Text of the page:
Eliecer: When I submitted my application the first time, I took with me a finished piece and one that was half-finished, as they require. I assumed they requested this to see us actually work the piece and determine whether we had actually made it. My unfinished piece was very complex – it was a ballerina. It was hard to sculpt it on my lap, sitting on the floor. A tourist who walked by fell in love with it, actually. The jury’s verdict, however, was that there was too stark a difference between the finished and unfinished pieces. Later, a friend wanted to take away the unfinished piece with him for an exhibition. It was stolen at the end of the exhibition. The finished piece was bought by a Colombian who had come looking to buy a virgin statuette. When he saw the piece and an abstract one, he decided to buy it. But I would rather let my works do that talking for me.
HT: How many times have you tried to join the ACAA?
Eliecer: Several times, when they’ve called for submissions to expand the ACAA membership. They’ve promised to let me know when there are vacancies, but I’ve found out there have been in the past and they haven’t told me.
HT: Why do think that is?
I can’t say exactly. I’m a rebellious person and that makes people uncomfortable. I also think you can neither be too good or very bad if you want to get in. If you’re very bad, then you go unnoticed. If you’re very good, you make people worry, for others may fear you’ll upstage them. That’s my conclusion after having a look at the work done by the people who run the ACAA. They’re not bad, but I could do better. There’s a lot of competition there and that’s exhausting for me.
HT: But you’re also a bit competitive.
Eliecer: With myself.
HT: You speak in terms of “doing better” than others.
Eliecer: They’re the terms commonly used to judge others, but I don’t criticize anyone’s work. I’ve arrived at the awareness that no one can express your inner world better than you can. Therefore, if you feel you’ve been able to express that world completely in a piece, to me it’s already perfect. The existing canons are another thing entirely. The important thing is that being rejected by the ACAA didn’t stop me. It actually encouraged me to continue working and looking for options.
HT: You’ve mentioned Yoga several times and I can see it plays an important role in your life. How did you come into contact with it?
Eliecer: I practiced Judo in primary school and karate later. In some way, these disciplines are related to Yoga. They are Japanese martial arts. Buddhism is one of Japan’s main religions, but Buddha was born in India and was a Yogi, the Enlightened One. When I was 16, I ran into an article about Hatha Yoga published in Cuba’s Alma Mater journal. That’s where my interest began. Recently, while meditating, I remembered that, as a child, I would play with a book about Tantra Yoga. I didn’t know what it was at the time, nor did my mother. Currently, I practice Raja Yohga and Jnana Yoga, the Yoga of knowledge. I practice Hatha Yoga to keep my body healthy.
My inner voice has taught me not to look for anything elsewhere. Everything I need will come to me. I wanted to know what a master of Yoga looked like. Some Rastafarian brothers of mine brought over an Ethiopian girl and an Israeli. He wanted to give me a postcard with an image of Shirdi Sai Baba. I didn’t want to accept it because someone had given it to him as gift. He replied they had given it to him so he would give it to me, that he didn’t believe in that. Shirdi’s appearance is very similar to what I had imagined a master of Yoga to be.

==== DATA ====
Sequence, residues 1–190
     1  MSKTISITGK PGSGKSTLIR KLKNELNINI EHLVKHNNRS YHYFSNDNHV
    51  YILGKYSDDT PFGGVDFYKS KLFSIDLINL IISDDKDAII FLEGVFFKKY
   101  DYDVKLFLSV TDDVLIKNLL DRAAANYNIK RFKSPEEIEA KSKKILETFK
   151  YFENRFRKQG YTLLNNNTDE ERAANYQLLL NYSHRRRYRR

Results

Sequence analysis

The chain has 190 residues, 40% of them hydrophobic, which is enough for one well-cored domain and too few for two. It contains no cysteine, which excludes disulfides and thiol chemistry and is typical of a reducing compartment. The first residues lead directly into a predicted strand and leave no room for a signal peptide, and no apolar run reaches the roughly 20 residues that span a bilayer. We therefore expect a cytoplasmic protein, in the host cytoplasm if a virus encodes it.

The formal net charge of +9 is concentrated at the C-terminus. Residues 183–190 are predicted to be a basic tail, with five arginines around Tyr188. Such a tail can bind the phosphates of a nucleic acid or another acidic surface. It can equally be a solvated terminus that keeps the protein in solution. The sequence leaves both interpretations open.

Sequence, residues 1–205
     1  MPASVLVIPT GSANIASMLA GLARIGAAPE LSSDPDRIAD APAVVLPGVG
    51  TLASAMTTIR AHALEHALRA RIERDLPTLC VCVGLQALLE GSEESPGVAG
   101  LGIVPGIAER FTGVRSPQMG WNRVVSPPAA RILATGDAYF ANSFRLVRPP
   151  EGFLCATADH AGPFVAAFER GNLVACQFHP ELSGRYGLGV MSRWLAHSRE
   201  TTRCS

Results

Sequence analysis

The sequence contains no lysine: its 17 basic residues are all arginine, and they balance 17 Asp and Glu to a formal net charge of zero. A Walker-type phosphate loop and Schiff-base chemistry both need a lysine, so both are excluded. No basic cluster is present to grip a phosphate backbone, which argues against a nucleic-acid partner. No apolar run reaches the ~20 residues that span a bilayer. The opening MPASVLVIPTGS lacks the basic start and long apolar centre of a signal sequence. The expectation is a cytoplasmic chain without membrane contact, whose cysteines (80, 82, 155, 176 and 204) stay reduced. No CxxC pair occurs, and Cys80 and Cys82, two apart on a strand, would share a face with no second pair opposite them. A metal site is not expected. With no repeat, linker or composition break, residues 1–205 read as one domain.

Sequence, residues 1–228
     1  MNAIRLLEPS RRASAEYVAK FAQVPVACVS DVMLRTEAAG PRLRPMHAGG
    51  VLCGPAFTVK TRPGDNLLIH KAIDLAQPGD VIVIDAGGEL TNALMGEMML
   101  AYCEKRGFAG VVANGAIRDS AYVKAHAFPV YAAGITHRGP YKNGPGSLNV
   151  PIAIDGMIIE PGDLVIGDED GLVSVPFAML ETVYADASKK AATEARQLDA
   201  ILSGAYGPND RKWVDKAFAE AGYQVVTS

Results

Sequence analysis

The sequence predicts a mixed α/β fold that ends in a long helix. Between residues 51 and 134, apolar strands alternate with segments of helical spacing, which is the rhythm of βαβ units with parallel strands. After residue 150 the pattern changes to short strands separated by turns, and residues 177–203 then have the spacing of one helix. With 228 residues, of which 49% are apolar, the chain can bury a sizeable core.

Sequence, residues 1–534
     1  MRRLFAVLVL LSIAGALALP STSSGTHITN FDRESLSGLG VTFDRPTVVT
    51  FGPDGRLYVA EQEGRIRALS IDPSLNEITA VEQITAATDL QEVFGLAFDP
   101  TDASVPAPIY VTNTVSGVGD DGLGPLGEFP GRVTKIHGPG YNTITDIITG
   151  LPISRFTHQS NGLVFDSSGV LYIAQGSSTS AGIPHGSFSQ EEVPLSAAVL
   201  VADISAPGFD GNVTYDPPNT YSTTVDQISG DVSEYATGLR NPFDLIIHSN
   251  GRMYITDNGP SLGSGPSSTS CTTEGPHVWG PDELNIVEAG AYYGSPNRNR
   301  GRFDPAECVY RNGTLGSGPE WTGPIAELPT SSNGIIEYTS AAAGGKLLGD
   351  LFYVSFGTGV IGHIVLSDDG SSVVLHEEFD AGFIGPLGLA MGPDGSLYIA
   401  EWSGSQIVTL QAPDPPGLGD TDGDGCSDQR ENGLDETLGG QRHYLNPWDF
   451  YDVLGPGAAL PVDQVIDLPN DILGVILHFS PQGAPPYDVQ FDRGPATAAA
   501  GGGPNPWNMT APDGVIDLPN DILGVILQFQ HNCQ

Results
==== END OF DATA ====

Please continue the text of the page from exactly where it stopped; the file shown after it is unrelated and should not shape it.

HT: As we were coming over to your house, I saw traces of the damage done by Hurricane Sandy (2012), though everything looks much better on the way to the sanctuary.
Eliecer: Things were also damaged there, but more efforts were devoted to fixing that part of town, which is the city’s facade. No one had anything fixed here. It was all sold to us, they’re still selling construction materials in warehouses. You can only buy these things if you have the money.
Eliecer tells us those materials are donations from abroad.
Eliecer: The zinc roofing, supposedly donated to Cuba, are identical to the ones sold by the State. What could that mean? Also: what about all of those food packages sold on the street, the ones that had labels that said they were donations from Venezuela? I bought packages of lentils that had that label.
HT: Perhaps the donations didn’t reached all those affected. It wasn’t just El Cobre. There were damages in Santiago de Cuba, Guantanamo and other provinces.
Eliecer: Hurricane Sandy entered Cuba through the Mar Verde beach. The eye of the hurricane passed over El Cobre, but the city was never in the news. It’s shameful that someone should offer to solve your city’s problems and that you should sell those donations. The State is duty-bound to guarantee the people’s wellbeing, even if that means emptying up its warehouses. The only time they gave some things away here was because the foreigners who made the donations were present at the time, to make sure they were delivered.
For Eliecer, the only acceptable explanation for still having people without roofs over their heads is if the State warehouses are empty. He tells me that a conga line of people went through Santiago de Cuba, up to the Provincial Party Headquarters, protesting, saying what people felt about how construction materials for damages caused by Sandy had been handled by the government. Nothing similar has taken place at El Cobre. “Some people have complained here and there, but nothing massive or organized has been seen.”
Even though he is not a well-known artist, Eliecer has been the subject of several Cuban and foreign documentaries. He feels that art is merely a means of communicating with the world, not his aim in life.
Eliecer: My aim in life is a mystery.